The compromise legislation, which is racing toward the White House, authorizes the president to seize American citizens as enemy combatants, even if they have never left the United States. And once thrown into military prison, they cannot expect a trial by their peers or any other of the normal protections of the Bill of Rights.

Glenn Greenwald adds:
This last point means that even if there were a habeas corpus right inserted back into the legislation (which is unlikely at this point anyway), it wouldn't matter much, if at all, because the law would authorize your detention simply based on the DoD's decree that you are an enemy combatant, regardless of whether it was accurate. This is basically the legalization of the Jose Padilla treatment -- empowering the President to throw people into black holes with little or no recourse, based solely on his say-so.

My friend Sailor has this to say:
I didn't have a religious upbringing. We were taught to do the right thing no matter the personal cost, but that had nothing to do with any particular belief system.

But tell me you can't read the following passage from Corinthians and not wonder where the hell we went wrong:
Though I speak with the tongues of men and of angels, and have not charity, I am become as sounding brass, or a tinkling cymbal.

And though I have the gift of prophecy, and understand all mysteries, and all knowledge; and though I have all faith, so that I could remove mountains, and have not charity, I am nothing.

And though I bestow all my goods to feed the poor, and though I give my body to be burned, and have not charity, it profiteth me nothing.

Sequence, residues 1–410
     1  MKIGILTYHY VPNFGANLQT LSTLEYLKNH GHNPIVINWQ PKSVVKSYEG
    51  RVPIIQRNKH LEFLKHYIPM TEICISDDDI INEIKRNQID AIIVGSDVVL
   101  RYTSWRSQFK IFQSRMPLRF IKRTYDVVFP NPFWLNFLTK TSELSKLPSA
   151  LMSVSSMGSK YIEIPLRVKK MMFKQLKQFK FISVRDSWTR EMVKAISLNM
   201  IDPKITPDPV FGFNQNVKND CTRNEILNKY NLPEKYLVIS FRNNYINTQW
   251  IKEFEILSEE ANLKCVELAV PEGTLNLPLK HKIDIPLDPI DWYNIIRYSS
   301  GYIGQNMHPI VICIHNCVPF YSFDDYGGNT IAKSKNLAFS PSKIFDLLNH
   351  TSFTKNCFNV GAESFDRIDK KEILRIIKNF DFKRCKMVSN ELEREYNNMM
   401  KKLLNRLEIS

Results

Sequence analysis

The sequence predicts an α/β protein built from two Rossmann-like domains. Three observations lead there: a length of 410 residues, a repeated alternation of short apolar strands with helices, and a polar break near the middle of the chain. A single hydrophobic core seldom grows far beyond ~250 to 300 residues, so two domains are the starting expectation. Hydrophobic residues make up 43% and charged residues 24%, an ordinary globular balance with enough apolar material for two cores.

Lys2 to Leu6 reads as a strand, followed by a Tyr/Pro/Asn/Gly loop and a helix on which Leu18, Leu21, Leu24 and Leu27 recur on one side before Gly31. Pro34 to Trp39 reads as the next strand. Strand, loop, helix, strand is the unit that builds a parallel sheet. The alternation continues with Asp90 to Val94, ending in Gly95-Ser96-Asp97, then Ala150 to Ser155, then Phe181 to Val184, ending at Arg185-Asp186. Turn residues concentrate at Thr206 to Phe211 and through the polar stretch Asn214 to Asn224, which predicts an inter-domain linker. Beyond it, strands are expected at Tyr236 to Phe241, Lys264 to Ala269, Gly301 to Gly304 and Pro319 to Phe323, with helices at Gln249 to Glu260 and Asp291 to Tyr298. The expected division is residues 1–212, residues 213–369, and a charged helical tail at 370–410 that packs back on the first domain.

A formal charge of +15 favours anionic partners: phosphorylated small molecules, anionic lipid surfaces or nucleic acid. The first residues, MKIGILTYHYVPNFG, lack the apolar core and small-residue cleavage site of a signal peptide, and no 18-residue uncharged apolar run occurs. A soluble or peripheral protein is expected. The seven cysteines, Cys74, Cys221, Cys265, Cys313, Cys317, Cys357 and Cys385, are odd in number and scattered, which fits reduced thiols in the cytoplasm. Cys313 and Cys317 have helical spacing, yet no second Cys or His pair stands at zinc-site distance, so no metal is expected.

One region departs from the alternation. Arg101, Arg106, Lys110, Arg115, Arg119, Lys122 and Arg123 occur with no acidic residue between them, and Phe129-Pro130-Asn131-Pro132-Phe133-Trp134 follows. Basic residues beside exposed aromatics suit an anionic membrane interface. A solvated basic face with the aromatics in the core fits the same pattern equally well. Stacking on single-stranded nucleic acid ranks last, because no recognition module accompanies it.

To that I can add nothing. Go, read his complete post, and contemplate exactly what has happened to America.

Nothing really matters, Pt 9

Sunday, October 15, 2006

I'm not ready to make nice: Shut up and sing

Remember the hissy fit wingers threw after the Dixie Chick's Natalie Maines had the nerve to dis poor wittle GWBushie in March of '03:
Country stations across the United States have pulled the Chicks from playlists following reports that lead singer Natalie Maines said in a concert in London earlier this week that she was "ashamed the president of the United States is from Texas."

. . .

One station in Kansas City, Missouri held a Dixie "chicken toss" party Friday morning, where Chick critics were encouraged to dump the group's tapes, CDs and concert tickets into trash cans.

Houston country station KILT pulled the band's records from its playlist -- at least temporarily -- after 77 percent of people polled on its Web site said they supported the move.

"We've got them off the air for right now," said Jeff Garrison, program director at KILT, which is owned by Viacom's Infinity Broadcasting Corp.

They have a new documentary coming out, called Shut Up And Sing:

Early reviews for the movie are giving it kudos for being a great documentary with an almost unbelievable amount of behind-the-scenes access to the Dixie Chicks’ professional and personal lives. Directed by Academy-Award winning documentary maker Barbara Kopple and Cecelia Peck, the movie chronicles the Dixie Chicks from the now infamous offhand remark on stage in London in March 2003 to the present. The Weinstein Company is distributing the film which is currently slated for theatrical release in the U.S. in November. International release dates are to be announced.